Erwin Panofsky's Gothic Architecture and Scholasticism

Essay by VerisimilitudeCollege, UndergraduateA+, April 2007

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Erwin Panofsky's Gothic Architecture and Scholasticism presents a compelling connection between the architectural styles of Gothic Cathedrals and the order and form of the Scholastic school of thought. Focusing on the "100 mile zone around Paris" during the years between 1130-40 and 1270 where and when Scholasticism was the dominate theory of education and Gothic architecture began to take a stronghold over the ageing Romanesque style. In Panofsky's own words "A connection between Gothic art and Scholasticism which is more concrete than a mere "parallelism"…the connection which I have in mind is a genuine cause-and-effect relation." But is there a more meaningful conviction that Panofsky is trying to present by explaining this "cause and effect"? Before diving deeper into Panofsky's theory, the terms Scholasticism and Gothic Architecture need to be defined.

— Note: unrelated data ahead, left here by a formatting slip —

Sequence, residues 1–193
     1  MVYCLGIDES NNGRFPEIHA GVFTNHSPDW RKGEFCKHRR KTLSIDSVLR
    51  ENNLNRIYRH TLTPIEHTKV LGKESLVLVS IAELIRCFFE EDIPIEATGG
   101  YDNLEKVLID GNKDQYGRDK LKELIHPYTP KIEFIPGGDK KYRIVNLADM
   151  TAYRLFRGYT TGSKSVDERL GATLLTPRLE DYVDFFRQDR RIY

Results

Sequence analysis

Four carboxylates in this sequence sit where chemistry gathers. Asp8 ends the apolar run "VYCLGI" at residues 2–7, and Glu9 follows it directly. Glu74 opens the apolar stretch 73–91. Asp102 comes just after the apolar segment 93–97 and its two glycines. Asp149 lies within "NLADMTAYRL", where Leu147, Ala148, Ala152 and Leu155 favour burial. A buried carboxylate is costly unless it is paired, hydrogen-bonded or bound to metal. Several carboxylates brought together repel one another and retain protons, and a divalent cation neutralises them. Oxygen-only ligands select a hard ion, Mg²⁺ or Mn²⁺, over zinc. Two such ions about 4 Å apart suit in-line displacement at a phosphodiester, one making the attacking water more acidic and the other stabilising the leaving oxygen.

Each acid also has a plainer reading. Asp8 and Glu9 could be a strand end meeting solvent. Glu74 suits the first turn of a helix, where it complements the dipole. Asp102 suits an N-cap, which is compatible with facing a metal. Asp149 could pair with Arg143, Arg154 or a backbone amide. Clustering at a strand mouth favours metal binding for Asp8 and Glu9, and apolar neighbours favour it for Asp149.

Scholasticism is a method of learning taught by the academics of medieval universities from the 11th until the 15th century, originating in Paris.

This method of learning was based on dialectical reasoning, with the purpose of answering a question or settling a disagreement through the use of the Scholastic method. The Scholastic method would compare two or more writings of a related source. The sources would be read aloud to a class of pupils or academics to point of the contradictions between the texts. Then through a series of dialectics focusing on philological and or logical (commonly Aristotelian logic after the Second Crusade circa 1149) analysis the two sides of the contradiction would be interoperated to essentially agree with each other.

Gothic Architecture is a style of architecture originating near Paris with the construction of the abbey church of Saint-Denis. The gothic style flourished during the High and Late Medieval periods. Classic features found in gothic architecture include thin columns and surrounding walls supported by flying buttresses, stained-glass,